Price transparency in health care seems pretty straight forward. Bring attention to pricing. Allow patients and competitors to more clearly see pricing. Drive down prices.
It usually works. Industries that are largely based on retail sales or driven by commodity markets have a quick consumer response time. These are considered elastic markets. If a product costs $1 on one side of a street, and a store on the other side of the street offers the same or an equal substitute for a lower price, consumption of the lower-priced item goes up.
Markets where consumers fail to respond to price are inelastic. Economists have long held health care as the poster child for inelastic markets. That is to say: consumers don’t respond to price when it comes to making health care decisions or choices.
So what do they respond to? As a health care communications and strategy executive working in this space for more than a decade, my job is to identify what moves consumers and what drives their attention. When it comes to driving patient volume to a specific health care service line, it’s rarely, if ever, price that drives patients through (or away from) the door … for two reasons:
- Other factors such as the advice of a trusted personal physician, which often comes in the form of a referral from a primary care physician, are much more influential. When we experience an ache or pain, we consult with a primary care physician at a well-visit, or we schedule an appointment to identify the potential culprit and rule out potential maladies we’ve searched out on the internet. Other times, we visit with a friend, family member, or co-worker, and their experience feeds our decision-making. An expectant mom talks with friends about their favored obstetrician, for example, and that advice informs a decision.
- Health insurance. About 80 percent of Texans have health insurance, most of which is through an employer. This coverage makes many of us blind to overall costs. In essence, in the minds of consumers, the care is already paid for, and aside from out-of-pocket expenses, many of which are predictable based on the health plan’s parameters, the consumer’s health care decision focuses on convenience and promise of treatment or cure. Choice of health insurance, too, is limited to what the employer has deemed affordable. Employees typically do not have unlimited choices of health insurance options. The result is that even before patients make a choice about where to get care, an employer likely already has limited their options by narrowing the coverage options.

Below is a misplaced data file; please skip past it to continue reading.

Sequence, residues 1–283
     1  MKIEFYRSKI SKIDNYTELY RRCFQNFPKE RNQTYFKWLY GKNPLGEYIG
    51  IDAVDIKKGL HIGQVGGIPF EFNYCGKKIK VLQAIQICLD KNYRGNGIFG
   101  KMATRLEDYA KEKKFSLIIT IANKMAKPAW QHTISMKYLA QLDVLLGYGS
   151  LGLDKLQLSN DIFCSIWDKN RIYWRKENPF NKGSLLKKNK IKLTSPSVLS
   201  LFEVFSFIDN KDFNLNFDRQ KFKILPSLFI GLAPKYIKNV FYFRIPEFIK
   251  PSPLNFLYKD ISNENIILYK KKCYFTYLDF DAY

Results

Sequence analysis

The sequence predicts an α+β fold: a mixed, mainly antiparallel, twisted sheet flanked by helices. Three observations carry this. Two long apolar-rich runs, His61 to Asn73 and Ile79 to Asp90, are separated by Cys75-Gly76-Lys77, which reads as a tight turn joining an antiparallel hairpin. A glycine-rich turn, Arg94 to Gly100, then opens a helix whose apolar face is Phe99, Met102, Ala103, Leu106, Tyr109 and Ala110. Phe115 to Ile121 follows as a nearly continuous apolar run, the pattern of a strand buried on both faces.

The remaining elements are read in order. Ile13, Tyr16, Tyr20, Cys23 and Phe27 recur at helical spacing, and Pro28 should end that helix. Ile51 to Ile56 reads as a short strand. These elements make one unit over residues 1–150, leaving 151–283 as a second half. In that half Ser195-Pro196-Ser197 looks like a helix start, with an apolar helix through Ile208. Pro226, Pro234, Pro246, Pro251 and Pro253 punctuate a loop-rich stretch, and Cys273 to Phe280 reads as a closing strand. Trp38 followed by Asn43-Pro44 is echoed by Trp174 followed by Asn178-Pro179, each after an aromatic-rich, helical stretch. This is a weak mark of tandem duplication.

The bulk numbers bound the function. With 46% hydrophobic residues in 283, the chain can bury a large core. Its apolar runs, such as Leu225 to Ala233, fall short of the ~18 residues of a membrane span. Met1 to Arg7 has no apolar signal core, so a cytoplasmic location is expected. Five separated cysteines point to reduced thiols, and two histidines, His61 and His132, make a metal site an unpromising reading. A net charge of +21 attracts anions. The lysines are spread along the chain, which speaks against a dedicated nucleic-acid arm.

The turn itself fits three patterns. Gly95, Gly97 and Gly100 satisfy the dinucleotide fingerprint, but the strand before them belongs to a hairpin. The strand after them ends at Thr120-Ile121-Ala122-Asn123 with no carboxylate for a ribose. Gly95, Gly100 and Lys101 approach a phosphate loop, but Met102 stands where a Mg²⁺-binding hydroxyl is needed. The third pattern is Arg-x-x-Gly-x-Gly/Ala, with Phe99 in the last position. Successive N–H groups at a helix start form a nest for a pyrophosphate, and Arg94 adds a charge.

A recent study conducted by the Pioneer Institute of patients in Massachusetts – the state with the most robust health care price transparency laws — revealed 70 percent did not know their insurance companies hosted price estimator tools on their websites. More importantly, 15 percent of patients said they believed prices would be the same regardless of health care provider, and more than half said they didn’t think to check prices before receiving care. The conclusion: even with information readily available, price isn’t a significant factor in health care decision-making.
So what is a key factor? In an industry where health insurance largely insulates patients from costs and choices, patients rely on trust, referral, and convenience to make health care decisions because ultimately their goal is to restore health and get them back to home and work.
Lance Lunsford, MBA, FACHE, is senior partner of Groundswell Health, a strategic marketing and communications agency based in Austin, Texas. Lunsford is a former newspaper reporter and editor. He also served in leadership roles in hospitals and health care advocacy groups.